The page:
Are Pay Cuts the Solution to Bridging the Gender Pay Gap?
According to the Office of National Statistics, women are estimated to make up 47% of the UK work force. Over the years there have been several pieces of legislation aimed towards having a positive impact on employment for women, including the 1970 Equal Pay Act; the 1975 Sex Discrimination Act; the 1975 Employee Protection Act; the 2008 Lone parents’ income support changes and the 2010 increase in State Pension Age for women. Despite all these efforts, we find that the gender pay gap remains as what has been preached has not been practiced, and that almost half of the UK workforce is treated unfairly in comparison to the other.
Following the deadline for all UK businesses with over 250 employees to report their current gender pay gap, The Guardian reported that almost eight in every 10 businesses and public sector bodies are paying men more compared to woman.
Across different sectors, to show commitment and solidarity with their female counterparts, some influencers have voluntarily offered to take pay cuts as a direct measure to tackle the gender pay gap. The head of one of Europe’s largest airlines, John Lundren from easyJet, took a £34,000 pay cut to match his salary to his predecessor, Carolyn McCall. Channel 4’s News host Jon Snow volunteered to take a 25% gender pay cut in an attempt to the close the gender pay gap at the broadcaster, and six male BBC presenters earning between £200k – £700k a year also agreed to pay cuts as a solution to gender disparity.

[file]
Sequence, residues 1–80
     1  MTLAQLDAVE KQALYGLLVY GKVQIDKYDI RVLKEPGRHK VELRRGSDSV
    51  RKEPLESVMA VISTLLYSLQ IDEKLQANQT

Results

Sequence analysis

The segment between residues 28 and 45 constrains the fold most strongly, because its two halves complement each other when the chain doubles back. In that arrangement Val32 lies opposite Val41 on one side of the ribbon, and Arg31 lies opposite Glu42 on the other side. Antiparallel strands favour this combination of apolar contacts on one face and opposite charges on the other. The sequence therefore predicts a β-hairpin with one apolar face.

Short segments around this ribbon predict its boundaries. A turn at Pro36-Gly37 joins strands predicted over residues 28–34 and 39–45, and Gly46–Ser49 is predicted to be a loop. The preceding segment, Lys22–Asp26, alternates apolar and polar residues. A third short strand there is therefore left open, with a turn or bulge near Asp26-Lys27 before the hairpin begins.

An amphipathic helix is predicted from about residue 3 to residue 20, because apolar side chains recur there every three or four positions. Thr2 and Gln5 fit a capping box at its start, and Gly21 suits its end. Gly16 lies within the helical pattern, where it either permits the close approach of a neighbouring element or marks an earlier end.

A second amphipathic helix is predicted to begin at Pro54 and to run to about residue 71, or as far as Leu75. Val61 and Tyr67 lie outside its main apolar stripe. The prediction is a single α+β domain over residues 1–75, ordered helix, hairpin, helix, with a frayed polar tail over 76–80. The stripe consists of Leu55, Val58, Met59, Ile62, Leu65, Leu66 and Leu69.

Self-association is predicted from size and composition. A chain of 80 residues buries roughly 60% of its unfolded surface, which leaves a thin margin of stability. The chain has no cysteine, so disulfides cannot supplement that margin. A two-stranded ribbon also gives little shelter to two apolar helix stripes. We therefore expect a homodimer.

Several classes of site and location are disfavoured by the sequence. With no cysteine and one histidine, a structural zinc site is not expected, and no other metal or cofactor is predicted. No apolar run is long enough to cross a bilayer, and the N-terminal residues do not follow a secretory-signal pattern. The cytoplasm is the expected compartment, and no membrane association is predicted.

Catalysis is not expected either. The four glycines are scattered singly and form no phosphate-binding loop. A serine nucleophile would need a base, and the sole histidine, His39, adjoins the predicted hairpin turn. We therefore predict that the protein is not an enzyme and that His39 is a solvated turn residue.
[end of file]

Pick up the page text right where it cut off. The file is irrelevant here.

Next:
But when the BBC took to the streets of the UK to discuss the subject with men, an overwhelming majority was hesitant to volunteer to take any pay cuts to support women colleagues, but did have an alternate solution – instead of men offering to take pay cuts, businesses should increase salaries of women so that both genders feel equally valued in the work place.
The matter of bridging the gender pay gap is more complicated than merely appointing male colleagues to shoulder the responsibility. Businesses need to adhere to complete transparency and be completely able and willing to explain any discrepancies with their internal pay structure. Moreover, all businesses need to have proper analysis of the market rate for job salaries and offer clear pay brackets accordingly.
What do you think is a good solution to tackle the root of the problem? Should businesses work harder to encourage more women into the workforce by offering enticing benefits so that the differences in salaries as well as the concentration of male colleague in top management level positions can be addressed? Or is it a deeper social issue that needs to be addressed not just by businesses but as society as a whole to build a more equal environment in the workplace for both men and women alike.
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